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- Hand-list of herbaceous plants cultivated in the Royal Botanic Gardens. London, Printed for H. M. Stationery Off. by Darling, 1902. url p. 341.
- Handbook of flower pollination based upon Hermann Müller's work 'The fertilisation of flowers by insects'; tr. by J.R. Ainsworth Davis. Oxford, Clarendon Press, 1906. url p. 586.
- Handbook of flower pollination: based upon Hermann Mu?ller's work 'The fertilisation of flowers by insects' / Oxford: Clarendon Press, 1906-09. url .
- Hortus suburbanus Calcuttensis; A catalogue of the plants which have been cultivated in the Hon. East India Company's botanical garden, Calcutta, and in the Serampore botanical garden. By the late J. O. Voigt, printed under the superintendence of W. Griffith. Calcutta, Bishop's College Press, 1845. url p. 431.
- Introduction to cytology, by Lester W. Sharp. .. New York, McGraw-Hill Book Company, inc., 1934. url p. 372.
- List of rare, threatened and endemic plants in Europe (1982 edition) Council of Europe url p. 312.
- Physiological genetics, by Richard Goldschmidt. New York, McGraw-Hill Book Company inc., 1938. url p. 149.
- Sweet's Hortus britannicus: or a catalogue of plants cultivated in the gardens of Great Britain, arranged in natural orders / by Robert Sweet. London: J. Ridgway, 1826. url p. 210.
- The Annals of Scottish natural history. Edinburgh: David Douglas, 1892-1911. url p. 100, p. 48.
- The Garden: an illustrated weekly journal of gardening in all its branches. London: [s.n., url p. 500.
- The Gardeners' chronicle: a weekly illustrated journal of horticulture and allied subjects. London: [Gardeners Chronicle], 1874-1955. url p. 172.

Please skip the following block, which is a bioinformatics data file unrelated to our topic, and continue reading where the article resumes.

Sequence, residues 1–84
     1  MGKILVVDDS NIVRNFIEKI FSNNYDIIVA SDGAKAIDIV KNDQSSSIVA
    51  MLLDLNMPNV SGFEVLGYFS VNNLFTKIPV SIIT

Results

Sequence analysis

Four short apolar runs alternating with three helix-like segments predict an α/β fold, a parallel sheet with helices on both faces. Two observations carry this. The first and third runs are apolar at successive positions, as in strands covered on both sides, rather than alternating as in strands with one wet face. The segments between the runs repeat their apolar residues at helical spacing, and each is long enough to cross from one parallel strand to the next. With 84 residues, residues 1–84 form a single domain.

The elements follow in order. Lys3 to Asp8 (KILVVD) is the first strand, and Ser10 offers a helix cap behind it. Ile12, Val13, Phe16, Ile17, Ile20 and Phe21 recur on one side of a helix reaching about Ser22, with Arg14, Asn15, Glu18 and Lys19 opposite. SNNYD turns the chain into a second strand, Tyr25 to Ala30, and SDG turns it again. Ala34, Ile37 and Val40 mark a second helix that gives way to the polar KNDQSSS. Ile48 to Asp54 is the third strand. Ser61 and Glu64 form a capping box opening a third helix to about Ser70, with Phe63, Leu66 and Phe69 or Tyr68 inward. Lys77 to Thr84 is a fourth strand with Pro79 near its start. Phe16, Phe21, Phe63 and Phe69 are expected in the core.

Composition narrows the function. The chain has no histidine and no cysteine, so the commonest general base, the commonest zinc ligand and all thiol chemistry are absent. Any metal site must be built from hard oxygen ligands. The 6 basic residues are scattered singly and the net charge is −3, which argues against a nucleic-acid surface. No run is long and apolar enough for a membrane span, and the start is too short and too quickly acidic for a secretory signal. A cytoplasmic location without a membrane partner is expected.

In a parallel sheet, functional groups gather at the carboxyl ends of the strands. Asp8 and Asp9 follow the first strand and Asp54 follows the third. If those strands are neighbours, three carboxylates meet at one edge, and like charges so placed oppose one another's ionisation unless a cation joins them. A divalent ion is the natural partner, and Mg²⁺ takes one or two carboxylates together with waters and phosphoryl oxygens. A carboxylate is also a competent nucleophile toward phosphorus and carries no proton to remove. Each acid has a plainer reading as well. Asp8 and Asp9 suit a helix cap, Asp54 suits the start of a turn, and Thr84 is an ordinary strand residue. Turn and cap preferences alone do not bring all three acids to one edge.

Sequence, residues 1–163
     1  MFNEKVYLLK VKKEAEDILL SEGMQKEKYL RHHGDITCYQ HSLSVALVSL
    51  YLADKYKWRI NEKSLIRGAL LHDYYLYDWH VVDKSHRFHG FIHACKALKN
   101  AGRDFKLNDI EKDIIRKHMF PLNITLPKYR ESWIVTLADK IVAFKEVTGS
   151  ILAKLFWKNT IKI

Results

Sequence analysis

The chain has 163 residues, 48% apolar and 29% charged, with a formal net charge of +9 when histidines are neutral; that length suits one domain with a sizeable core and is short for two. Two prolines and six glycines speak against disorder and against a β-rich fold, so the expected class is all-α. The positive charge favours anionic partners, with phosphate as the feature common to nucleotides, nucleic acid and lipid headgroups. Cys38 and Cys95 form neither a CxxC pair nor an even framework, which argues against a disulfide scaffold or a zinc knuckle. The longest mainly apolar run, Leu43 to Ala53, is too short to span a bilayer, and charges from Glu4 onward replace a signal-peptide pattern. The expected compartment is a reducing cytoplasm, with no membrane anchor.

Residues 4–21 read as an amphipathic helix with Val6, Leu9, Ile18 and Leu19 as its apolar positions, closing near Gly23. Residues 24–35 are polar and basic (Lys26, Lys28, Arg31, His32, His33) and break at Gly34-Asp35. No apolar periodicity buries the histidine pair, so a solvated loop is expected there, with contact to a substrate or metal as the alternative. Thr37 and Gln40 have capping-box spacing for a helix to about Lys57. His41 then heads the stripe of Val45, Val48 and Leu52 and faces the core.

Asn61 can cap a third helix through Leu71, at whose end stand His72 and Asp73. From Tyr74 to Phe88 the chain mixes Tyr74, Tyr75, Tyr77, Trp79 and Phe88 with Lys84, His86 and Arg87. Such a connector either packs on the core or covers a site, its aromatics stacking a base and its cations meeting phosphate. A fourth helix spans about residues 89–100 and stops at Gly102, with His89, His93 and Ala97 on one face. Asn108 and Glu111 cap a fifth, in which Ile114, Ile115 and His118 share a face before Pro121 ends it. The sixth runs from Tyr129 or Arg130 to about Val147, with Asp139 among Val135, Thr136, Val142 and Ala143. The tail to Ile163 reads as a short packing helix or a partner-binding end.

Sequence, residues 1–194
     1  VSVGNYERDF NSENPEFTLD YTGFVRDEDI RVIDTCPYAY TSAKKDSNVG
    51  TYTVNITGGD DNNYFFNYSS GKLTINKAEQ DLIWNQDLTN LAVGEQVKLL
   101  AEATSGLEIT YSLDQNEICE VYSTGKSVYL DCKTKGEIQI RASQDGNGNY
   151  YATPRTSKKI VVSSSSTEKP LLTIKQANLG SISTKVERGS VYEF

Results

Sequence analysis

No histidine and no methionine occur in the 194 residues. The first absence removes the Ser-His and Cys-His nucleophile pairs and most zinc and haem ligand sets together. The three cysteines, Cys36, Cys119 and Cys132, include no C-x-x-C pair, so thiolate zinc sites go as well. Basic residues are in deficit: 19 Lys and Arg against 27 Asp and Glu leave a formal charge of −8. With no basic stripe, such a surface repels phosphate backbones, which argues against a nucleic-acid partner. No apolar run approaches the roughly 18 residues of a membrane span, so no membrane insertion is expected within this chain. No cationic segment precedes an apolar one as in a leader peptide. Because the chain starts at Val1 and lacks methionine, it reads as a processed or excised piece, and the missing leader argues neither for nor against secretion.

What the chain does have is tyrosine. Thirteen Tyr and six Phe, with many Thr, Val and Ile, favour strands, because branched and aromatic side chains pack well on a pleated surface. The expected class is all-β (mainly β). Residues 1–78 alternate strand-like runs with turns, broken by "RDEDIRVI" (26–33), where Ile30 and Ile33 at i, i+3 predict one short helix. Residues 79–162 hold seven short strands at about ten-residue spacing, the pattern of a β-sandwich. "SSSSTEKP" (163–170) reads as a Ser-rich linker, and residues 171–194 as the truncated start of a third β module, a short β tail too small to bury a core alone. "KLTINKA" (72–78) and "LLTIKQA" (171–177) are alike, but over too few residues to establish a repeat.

- The Philosophical transactions of the Royal society of London, from their commencement in 1665, in the year 1800. London, Printed by and for C. and R. Baldwin, 1809. url p. 201.
- The natural history of plants, their forms, growth, reproduction, and distribution; Dublin, Blackie & son, limited, 1902. url , .
- The natural history of plants; their forms, growth, reproduction, and distribution. From the German of Anton Kerner von Marilaun by F. W. Oliver, with the assistance of Marian Busk and Mary F. Ewart. London, Blackie, 1894-1895. url p. 215.
- Transactions of the Edinburgh Field Naturalists' and Microscopical Society. [Edinburgh]: The Club, 1891- url p. 138.
- University of California publications in agricultural sciences. Berkeley, University of California Press. url p. 318, p. 320, p. 329, p. 382.
- Babcock, E. B. 1947. The genus Crepis. Pt. 1: The taxonomy, phylogeny, distribution, and evolution of Crepis. Pt. II: Systematic treatment. Univ. Calif. Publ. Bot. 21, 22.
- Brands, S.J. (comp.) 1989-present. The Taxonomicon. Universal Taxonomic Services, Zwaag, The Netherlands. Accessed January 10, 2012.
- Biodiversity Heritage Library NamebankID: 5831766
- Catalogue of Life Accepted Name Code: Ast-6469
- Global Biodiversity Information Facility Taxonkey: 15123715
- Globally Unique Identifier: urn:lsid:ipni.org:names:199655-1
- Zipcode Zoo Species Identifier: 2086933